The new auditorium is a traditional semi-horseshoe shape with seating (by Ducharme) in the orchestra, parterre, mezzanine, balcony, and boxes. “In terms of the auditorium, it is pretty straightforward for a multipurpose space, with a concert shell. What is unique is that they achieved standard performing arts center functionality at the lower price by using as much of the old building as they could save,” explains Dachs. At a cost of $77 million ($278 per square foot), the savings was considerable.

Using the original grid, Texas Scenic added a new double purchase counterweight fly system with a locking rail and two loading rails located stage left, with a total of 71 manual line-sets with truss battens. A fire curtain and dedicated house curtain (made of 24oz. velour and rigged to guillotine on a dedicated winch-assisted arbor drive line-set) are both motorized and sit immediately upstage of the proscenium. Texas Scenic also supplied the rigging system as well as a custom fabricated automated system that adjusts soft goods in the house for acoustic dampening and control.


Mark Holden, principal acoustician of JaffeHolden, took the lead on the acoustics for Dell Hall, collaborating with FDA and the architects. “The goal was to create an outstanding facility with superb acoustics for the symphony, ballet, and opera,” says Holden. As a result, Holden used all the tricks he learned in 30 years as an acoustician to come up with innovative, low-cost solutions for Dell Hall, yet have a flexible “tunable” facility to meet multiple needs, from natural acoustic events to Broadway musicals.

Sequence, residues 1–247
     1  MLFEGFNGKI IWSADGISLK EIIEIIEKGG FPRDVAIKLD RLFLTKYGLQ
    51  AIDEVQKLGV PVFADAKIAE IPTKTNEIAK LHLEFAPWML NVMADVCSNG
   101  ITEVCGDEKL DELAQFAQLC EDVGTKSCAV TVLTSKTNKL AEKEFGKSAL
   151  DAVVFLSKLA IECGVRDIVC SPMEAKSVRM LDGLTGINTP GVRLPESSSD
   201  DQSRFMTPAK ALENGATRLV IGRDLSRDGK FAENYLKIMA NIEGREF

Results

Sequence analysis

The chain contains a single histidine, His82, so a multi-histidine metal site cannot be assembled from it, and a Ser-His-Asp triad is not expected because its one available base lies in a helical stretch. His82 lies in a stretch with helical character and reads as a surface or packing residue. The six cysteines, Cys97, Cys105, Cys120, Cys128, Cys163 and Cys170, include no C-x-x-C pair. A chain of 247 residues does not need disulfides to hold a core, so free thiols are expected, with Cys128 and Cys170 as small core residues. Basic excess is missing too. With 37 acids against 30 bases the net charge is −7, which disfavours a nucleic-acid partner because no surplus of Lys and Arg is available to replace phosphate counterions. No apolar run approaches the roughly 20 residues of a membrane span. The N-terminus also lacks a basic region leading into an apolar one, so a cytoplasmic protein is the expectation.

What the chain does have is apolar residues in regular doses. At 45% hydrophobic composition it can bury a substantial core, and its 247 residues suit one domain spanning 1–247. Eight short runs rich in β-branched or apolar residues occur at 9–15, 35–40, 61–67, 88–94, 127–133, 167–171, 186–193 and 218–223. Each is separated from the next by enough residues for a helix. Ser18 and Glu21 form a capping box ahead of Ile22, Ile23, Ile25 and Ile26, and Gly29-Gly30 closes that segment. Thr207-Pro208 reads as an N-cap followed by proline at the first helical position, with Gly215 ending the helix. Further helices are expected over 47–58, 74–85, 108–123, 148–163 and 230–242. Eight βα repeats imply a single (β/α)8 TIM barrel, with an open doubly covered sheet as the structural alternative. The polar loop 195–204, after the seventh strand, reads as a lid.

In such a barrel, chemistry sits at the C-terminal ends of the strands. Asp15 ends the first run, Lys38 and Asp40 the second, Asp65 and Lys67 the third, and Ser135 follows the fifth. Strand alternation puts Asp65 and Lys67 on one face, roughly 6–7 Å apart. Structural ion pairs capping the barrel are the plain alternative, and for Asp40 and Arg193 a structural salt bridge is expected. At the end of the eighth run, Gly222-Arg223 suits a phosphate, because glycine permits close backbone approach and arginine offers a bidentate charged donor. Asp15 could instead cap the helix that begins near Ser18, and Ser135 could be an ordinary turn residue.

Part of the solution includes 9,000sq-ft. of adjustable acoustic Venetian-style banners and tracked curtains (made of 25oz. velour) that float behind the seats and above the ceiling; these are motorized with remote control to help tune the room for amplified events. There is also a massive orchestra shell and five Wenger Diva Series acoustical cloud ceilings, each 8' deep, with white finish. Each panel has nine ETC Source Four PAR fixtures for concert lighting. Twelve Wenger Diva Series freestanding, movable acoustical towers have a cherry finish. “It has every technical bell-and-whistle one expects in a modern performing arts center,” notes Holden, who worked around the challenges of dealing with a partially existing building. “It's not like starting with a blank piece of paper.”

While the stage size easily accommodates a large orchestra and chorus, and the new orchestra pit is more than ample — now two platforms raised and lowered on Gala Spiralift columns — the large size of the auditorium could have been problematic. “At 2,400 seats, you really start to push the limits of what you can do acoustically,” Holden explains. “The design of Dell Hall is such that the audience is not too far away from the stage, so that the balcony overhangs are deep, causing potential dead zones and signally trouble for the seats underneath.”